Who is Mare Edstrom?
Mare Edstrom’s road to the blues has been long and interesting. While she is primarily classically trained, her formative years were spent playing piano and singing in local rock bands. Her first album, Learning How to Believe, was a combination of finely-crafted original songs and carefully selected cover songs by legends of the singer-songwriter school. She brought a truly new perspective to songs by the likes of Townes van Zandt, Eric Taylor, Greg Brown, and Janis Ian. This amazing work was quickly followed by a second release titled Inside the Blues. This release, a blues tribute, showcases works by Blind Willie McTell, T-Bone Walker, Muddy Waters, and Blind Willie Johnson, as well as works by female artists Memphis Minnie and Little Esther. This highly acclaimed work has found its way onto major radio station playlists throughout Europe and the US. Inside the Blues has had extensive favorable reviews, including key reviews by Blues Revue magazine in the US and Crossroads magazine in France. Mare’s wide vocal range, energy, and vintage brand of roadhouse authenticity have been duly noted by critics again and again. This exciting new take on the blues is still receiving international attention and has established Mare as a major player in the blues style.
In March 2006, Mare’s much anticipated second blues effort, titled Shake ‘em on Down, was released. This release features some new band members as well as an interesting and exciting mix of early blues rarities. Songs by the likes of Scrapper Blackwell, Bukka White, and Bumble Bee Slim are dusted off and shined up for a new outing. This exciting new blues recording has once again been reviewed favorably worldwide, in Blues Revue (USA), Italian II Blues Magazine (Italy), Maverick Magazine (UK), and Rootstime (Denmark), as well as many others. This CD continues to receive praise, attention, and much airplay throughout the world blues scene.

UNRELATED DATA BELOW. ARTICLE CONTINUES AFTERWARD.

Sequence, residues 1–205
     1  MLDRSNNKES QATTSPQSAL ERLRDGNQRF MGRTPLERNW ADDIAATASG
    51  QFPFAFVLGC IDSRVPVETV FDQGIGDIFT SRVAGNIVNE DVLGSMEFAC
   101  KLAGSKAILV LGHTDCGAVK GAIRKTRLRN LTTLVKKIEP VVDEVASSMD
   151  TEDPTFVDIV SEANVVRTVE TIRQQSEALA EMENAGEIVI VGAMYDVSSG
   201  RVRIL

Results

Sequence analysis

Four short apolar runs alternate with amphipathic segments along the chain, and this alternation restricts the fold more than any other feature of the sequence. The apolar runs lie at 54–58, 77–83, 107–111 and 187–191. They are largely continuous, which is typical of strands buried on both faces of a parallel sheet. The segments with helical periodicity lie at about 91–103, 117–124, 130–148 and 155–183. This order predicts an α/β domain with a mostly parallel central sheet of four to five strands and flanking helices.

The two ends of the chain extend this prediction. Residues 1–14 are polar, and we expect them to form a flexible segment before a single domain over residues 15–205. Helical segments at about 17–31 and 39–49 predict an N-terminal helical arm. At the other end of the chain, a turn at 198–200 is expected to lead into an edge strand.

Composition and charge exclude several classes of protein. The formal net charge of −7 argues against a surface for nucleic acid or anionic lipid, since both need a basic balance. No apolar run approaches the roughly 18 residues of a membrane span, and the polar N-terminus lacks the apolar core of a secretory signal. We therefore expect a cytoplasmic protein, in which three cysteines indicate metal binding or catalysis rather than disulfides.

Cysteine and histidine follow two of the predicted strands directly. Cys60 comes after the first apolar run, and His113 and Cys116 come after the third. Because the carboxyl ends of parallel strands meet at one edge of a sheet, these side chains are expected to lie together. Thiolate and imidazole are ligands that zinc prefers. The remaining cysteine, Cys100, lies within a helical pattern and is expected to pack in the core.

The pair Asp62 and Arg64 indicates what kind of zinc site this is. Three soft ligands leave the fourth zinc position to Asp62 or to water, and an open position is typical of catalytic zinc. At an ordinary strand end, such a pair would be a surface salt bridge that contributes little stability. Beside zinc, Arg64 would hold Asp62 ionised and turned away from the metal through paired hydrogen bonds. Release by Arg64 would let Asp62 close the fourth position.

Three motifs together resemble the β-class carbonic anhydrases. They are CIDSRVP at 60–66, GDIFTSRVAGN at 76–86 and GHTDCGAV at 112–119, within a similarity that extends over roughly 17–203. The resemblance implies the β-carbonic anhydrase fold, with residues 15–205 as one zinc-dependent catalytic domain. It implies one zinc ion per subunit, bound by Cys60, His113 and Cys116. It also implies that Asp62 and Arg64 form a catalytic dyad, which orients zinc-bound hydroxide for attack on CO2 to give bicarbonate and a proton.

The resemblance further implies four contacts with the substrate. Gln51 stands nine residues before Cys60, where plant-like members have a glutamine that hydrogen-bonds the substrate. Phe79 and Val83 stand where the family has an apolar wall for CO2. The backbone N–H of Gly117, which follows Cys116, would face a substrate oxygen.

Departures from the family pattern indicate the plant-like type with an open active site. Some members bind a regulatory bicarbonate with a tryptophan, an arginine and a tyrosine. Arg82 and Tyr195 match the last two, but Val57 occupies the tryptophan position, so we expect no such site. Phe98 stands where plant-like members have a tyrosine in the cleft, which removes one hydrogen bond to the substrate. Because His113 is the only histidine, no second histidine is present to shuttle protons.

Much to the surprise of her blues fans, Mare released a 10-song singer-songwriter collection in October 2006 titled Keys to the Castle. This recording featured exciting interpretations of songs by Richard Thompson, Tom Waits, John Hiatt, and others, as well as several original songs that have long been favorites in her live show. The CD showcased a top-notch band, as well as guest appearances by fellow Wisconsinites Willy Porter and Tracy Jane Comer. It was named among the Best Albums of 2006 by B-side Records, State Street, Madison.
In 2007, Mare started the year making a guest appearance on her producer/guitarist Kenn Fox’s solo album, Road to Tivoli, playing both guitar and Irish flute. Then in August, Mare charted new territory with her latest blues release, Sugar Sweet, introducing elements of R&B, rockabilly, and soul to the mix. The album features spacious arrangements in a truly vintage format, borrowing production vibe from the warm 1950s sound. As with previous releases, Edstrom has dug deep and uncovered obscure gems from the past by such forgotten masters as Betty Everett, Ma Rainey, Julia Lee, Little Willie John, and Arthur Alexander. The album also gives the listener a taste of Edstrom's signature stripped-down country blues that she currently features in her live duo with producer/guitarist Kenn Fox. This recording is packed full of steaming hot electric, acoustic, and slide guitar, sweet tenor saxophone, nasty blues harmonica, and thick, tasteful backing vocals. The album closes with a masterful rendition of Bukka White's gospel epic, "Fixin' to Die." As with Mare's first two blues albums, the world continues to take note. Sugar Sweet has already received a number of favorable reviews and consistent airplay both in Europe and in the US (click here for playlist info) and was named among the Best Albums of 2007 by B-side Records, State Street, Madison.
Besides her full-time career as a singer, recording artist, and the owner of Spiritone Records, Mare has a thriving
teaching studio at Hartland Music/The Waukesha County Conservatory of
Music, where she teaches piano, voice, and guitar four days a week.